Wildfire season is underway in the northern hemisphere, and with hot and dry conditions in many areas this summer, fires have been plentiful. Regions affected include central Canada, California in the US, Southeastern Russia and Norway. While wildfires are a natural part of Earth’s environment when sparked by lightning strikes, these fires consume a million or more square kilometers per year. Wildfires can also be started from volcano eruptions, but humans also start many fires -sometimes accidentally, but mostly deliberately. Both NASA and ESA have Earth-watching satellites that have been keeping an eye on wildfires around the world. Above, the Moderate Resolution Imaging Spectroradiometer (MODIS) on NASAâ€™s Aqua satellite captured this natural-color image of wildfires in Central Canada, in the Saskatchewan and Manitoba Provinces on June 30, 2008. Places where the sensor detected actively burning fires are marked in red; a strong wind was blowing east-southeast and spreading thick plumes of gray-brown smoke.
Thunderstorms in California brought lightning but little rain, starting several wildfires. This natural-color image was captured by MODIS on July 2, 2008, and it shows the location of actively burning fires marked in red. The highest concentration of fires is in Northern California, where reportedly 68 uncontained large fires were burning as of July 3. Meanwhile, Southern California was battling the stateâ€™s two largest blazes, shown in the lower half of this image.
These false-color images of the Santa Lucia Range Mountains near Big Sur, California, was captured by Advanced Spaceborne Thermal Emission and Reflection Radiometer (ASTER) on NASAâ€™s Terra satellite on June 29, 2008. Vegetation is red, naturally bare ground is tan, burned ground is charcoal colored, and smoke is light blue. Clouds over the Pacific Ocean to the southwest are bright bluish white. Over 120,000 acres have been burned by the two large wildfires in this area.
With extremely hot weather conditions in Europe, Norway experienced its biggest forest fire in the last half century in June. ESA’s Envisat satellite images were used in the fireâ€™s aftermath to get an overview of the damaged area for authorities and insurance companies. The Envisat Advanced Synthetic Aperture Radar (ASAR) image shows the burned area as a red cluster in the image center.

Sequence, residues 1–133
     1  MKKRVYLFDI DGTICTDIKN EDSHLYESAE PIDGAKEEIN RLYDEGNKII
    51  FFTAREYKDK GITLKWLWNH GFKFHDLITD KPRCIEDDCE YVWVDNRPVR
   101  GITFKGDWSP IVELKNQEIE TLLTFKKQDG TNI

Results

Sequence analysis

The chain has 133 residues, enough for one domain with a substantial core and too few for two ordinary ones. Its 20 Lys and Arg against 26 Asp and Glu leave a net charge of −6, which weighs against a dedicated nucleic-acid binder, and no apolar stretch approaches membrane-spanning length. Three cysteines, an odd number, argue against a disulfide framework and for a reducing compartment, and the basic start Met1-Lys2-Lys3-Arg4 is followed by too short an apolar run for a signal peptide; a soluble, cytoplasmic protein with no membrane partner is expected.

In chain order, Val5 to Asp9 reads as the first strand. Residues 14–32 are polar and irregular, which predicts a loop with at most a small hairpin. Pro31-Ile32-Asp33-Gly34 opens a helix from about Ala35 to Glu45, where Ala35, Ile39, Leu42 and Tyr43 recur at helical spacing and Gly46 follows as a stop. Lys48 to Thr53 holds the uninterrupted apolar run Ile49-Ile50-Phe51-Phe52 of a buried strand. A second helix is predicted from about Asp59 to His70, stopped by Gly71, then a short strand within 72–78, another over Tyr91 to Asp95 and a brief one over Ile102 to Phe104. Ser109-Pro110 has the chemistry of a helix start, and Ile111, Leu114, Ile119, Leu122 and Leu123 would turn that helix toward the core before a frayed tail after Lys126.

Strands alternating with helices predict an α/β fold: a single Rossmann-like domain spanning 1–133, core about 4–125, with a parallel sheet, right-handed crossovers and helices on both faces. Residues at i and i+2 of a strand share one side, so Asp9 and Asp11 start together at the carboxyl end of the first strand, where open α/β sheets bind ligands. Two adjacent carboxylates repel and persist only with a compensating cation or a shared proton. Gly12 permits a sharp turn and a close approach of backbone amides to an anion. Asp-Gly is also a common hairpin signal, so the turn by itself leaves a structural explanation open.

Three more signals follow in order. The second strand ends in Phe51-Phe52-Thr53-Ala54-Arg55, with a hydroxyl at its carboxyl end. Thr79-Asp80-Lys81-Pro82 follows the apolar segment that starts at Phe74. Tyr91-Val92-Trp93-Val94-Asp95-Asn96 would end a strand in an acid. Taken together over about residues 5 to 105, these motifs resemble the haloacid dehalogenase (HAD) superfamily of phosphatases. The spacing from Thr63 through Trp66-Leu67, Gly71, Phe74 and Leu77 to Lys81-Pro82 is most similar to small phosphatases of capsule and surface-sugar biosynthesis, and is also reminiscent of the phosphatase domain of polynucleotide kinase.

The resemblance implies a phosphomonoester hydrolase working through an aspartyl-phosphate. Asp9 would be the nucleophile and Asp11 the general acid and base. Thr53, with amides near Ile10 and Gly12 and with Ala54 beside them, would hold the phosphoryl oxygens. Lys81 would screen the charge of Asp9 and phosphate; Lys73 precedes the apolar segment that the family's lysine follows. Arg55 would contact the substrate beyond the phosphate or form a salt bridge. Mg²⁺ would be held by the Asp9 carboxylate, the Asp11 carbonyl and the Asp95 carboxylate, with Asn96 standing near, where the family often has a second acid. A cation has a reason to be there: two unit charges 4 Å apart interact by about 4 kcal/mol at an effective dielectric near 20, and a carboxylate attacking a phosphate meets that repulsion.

The fires (red dots) visible along the shoreline of Russiaâ€™s Khabarovsk Province at the upper left of this image are only a few of the forest fires responsible for the river of smoke spreading eastward over the Sea of Okhotsk and the Kamchatka Peninsula on July 2, 2008. This natural-color image of the area was captured by MODIS on NASAâ€™s Aqua satellite. Like this image, many images area developed daily from orbiting satellites to to provide up-to-date satellite images of the Earth’s landmasses in near real time. The MODIS Rapid Response Team provides these images, many times with a few hours of being collected. This system is valuable resource for the international fire monitoring community, who use the images to track fires.
News sources: NASA’s Earth Observatory Natural Hazards site, ESA’s Observing the Earth site
One Reply to “Satellites Keep an Eye on Wildfires Around the World”
“…humans also start many fires -sometimes accidentally, but mostly deliberately.”
You still think *I* was the one who tossed your clothes into a metal garbage can and lit it up?
Just let it go already.
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